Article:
CCS assessment committees

How do we build a committee that reflects the make-up of our community?

Your committee needs to be familiar with the range and diversity of local arts activities. As well as bringing their knowledge to the assessment process, a diverse assessment committee can help promote the scheme, and provide support, to diverse applicants.

Note: providing support to an applicant does not automatically create a conflict of interest for an assessment committee member. Please refer to therules regarding conflicts of interest if you are not sure about this.

Sometimes it can seem difficult to find people to join your assessment committee. The process for appointing new members is outlined in your CCS Administrators Guide. Here are a few extra things you can do as well as making a public call for nominations.

  • Identify where the knowledge gaps are in your committee. Consider art form knowledge as well as knowledge of different communities – location, ethnicity, age, etc
  • Draft a ‘call for nominations’.
    • Include wording from ‘Call for CCS Assessors - Poster’.
    • Include an image from a previous successful local CCS project.
    • Based on the gaps you have identified, include details about the skills you are specifically looking for.
  • Distribute this call for nominations by
    • Emailing to all previous CCS recipients asking them to pass on
    • Asking local arts organisations to email out through their networks
    • Posting this on your Facebook page, website and through other social media that your council uses
  • Speak to people who might be able to help find members to address the knowledge gap – ask them if they are interested, can recommend people and/or pass information on. This might include your local youth council, arts teachers, local marae, multi-cultural committees/groups.

There are also a few things you might need to consider to make your meetings more accessible

  • Meeting times: it can be very difficult for some people to make daytime or evening meetings. Consider being flexible about meeting times so that it suits the majority of your committee.
  • Mentoring new members: there can often be a reluctance to ‘retire’ members who have sat on committees for more than two terms. They often have huge community knowledge and a good understanding of what arts projects have been funded previously. Sometimes getting them to mentor new members for one or two meetings can help ease the process as well as providing some continuity of information.
  • Meeting processes: Young (most?) people can find traditional meeting processes fairly tedious and alienating. Consider the tone of your meetings. Can they be informal while still following the necessary steps and capturing the necessary minutes. Perhaps at the start of the meeting you could do a round of what exciting arts projects people have seen since the last meeting, or what they think is exciting about what is happening in their area of knowledge.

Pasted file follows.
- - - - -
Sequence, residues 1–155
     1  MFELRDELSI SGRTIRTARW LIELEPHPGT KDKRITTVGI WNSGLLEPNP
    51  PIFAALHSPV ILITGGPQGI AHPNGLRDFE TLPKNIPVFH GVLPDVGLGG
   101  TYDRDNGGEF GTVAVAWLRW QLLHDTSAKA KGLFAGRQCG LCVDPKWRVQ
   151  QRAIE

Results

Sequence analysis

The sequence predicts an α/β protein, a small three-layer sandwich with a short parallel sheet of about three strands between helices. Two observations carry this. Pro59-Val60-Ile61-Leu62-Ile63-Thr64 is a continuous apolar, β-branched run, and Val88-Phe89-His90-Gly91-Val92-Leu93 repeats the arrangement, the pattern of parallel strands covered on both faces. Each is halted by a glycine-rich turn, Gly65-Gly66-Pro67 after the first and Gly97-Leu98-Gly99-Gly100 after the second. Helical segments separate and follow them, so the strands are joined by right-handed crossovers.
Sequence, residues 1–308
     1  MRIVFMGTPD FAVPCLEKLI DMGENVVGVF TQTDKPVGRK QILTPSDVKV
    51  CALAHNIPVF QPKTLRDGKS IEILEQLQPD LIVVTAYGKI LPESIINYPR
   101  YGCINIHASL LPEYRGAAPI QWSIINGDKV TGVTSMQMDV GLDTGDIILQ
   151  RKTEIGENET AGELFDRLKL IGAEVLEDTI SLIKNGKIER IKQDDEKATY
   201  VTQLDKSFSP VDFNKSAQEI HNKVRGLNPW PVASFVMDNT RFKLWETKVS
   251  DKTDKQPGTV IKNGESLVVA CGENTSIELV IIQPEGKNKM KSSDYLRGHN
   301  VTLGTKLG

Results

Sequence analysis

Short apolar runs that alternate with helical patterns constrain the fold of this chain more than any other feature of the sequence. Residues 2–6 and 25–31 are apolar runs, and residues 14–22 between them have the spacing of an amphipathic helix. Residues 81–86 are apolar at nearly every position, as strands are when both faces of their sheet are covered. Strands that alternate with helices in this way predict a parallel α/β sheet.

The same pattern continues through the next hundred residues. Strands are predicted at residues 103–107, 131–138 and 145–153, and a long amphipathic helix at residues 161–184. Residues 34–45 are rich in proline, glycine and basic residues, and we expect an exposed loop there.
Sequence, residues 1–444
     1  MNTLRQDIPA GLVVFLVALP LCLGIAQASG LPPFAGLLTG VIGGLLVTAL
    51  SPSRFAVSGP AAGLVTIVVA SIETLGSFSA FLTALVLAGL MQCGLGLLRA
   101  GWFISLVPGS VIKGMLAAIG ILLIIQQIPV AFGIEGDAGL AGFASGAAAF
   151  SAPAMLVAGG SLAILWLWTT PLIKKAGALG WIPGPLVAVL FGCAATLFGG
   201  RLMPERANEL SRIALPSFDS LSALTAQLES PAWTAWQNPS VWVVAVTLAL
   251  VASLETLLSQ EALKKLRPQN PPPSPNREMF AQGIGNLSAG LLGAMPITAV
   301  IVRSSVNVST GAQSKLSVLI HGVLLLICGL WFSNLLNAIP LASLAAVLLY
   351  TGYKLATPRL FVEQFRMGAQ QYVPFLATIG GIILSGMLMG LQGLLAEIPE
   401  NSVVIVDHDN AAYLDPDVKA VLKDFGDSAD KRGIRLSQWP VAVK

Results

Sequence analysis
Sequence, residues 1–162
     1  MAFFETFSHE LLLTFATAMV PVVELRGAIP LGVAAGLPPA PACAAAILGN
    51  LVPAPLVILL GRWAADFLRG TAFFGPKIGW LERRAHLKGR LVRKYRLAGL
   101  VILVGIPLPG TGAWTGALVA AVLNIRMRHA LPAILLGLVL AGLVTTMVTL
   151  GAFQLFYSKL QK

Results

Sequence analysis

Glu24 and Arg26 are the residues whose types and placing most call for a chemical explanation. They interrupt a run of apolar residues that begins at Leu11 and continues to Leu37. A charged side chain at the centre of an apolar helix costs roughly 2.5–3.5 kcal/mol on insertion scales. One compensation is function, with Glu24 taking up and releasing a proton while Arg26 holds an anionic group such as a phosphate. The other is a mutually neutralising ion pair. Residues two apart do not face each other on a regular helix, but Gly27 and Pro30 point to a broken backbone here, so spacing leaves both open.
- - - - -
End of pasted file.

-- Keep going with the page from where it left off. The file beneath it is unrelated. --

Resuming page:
• Young people: Do you have young people on your committee? How can you include them? Do you have a youth council that you could approach or could you contact the local high schools? Remember young people sometimes travel best in pairs and may not be able to commit to more than one or two meetings - encourage your committee to work with this.

Travel costs and fees for assessors

Some councils, particularly those that cover a wide geographic region, choose to reimburse travel costs for their assessors. Some also pay a stipend to their assessors either to cover the committee day or a fixed amount per application assessed. We are often asked what other councils do and if this is a necessary cost.

The written agreement between Creative New Zealand and your council is that the council will cover administrative costs for the delivery of the scheme. This includes the costs of convening the assessment committee.

Creative New Zealand does not stipulate specific administrative costs that the council must cover to run the scheme but in many instances, particularly with councils that have a wide geographic area, councils choose to reimburse travel costs as a way of ensuring that they have a committee with good understanding of the diverse local arts taking place across the district.

So, under the contract you are not obliged to reimburse travel or to pay fees/stipends, however we would certainly encourage this if it is the best way to ensure participation by a committee with appropriate knowledge.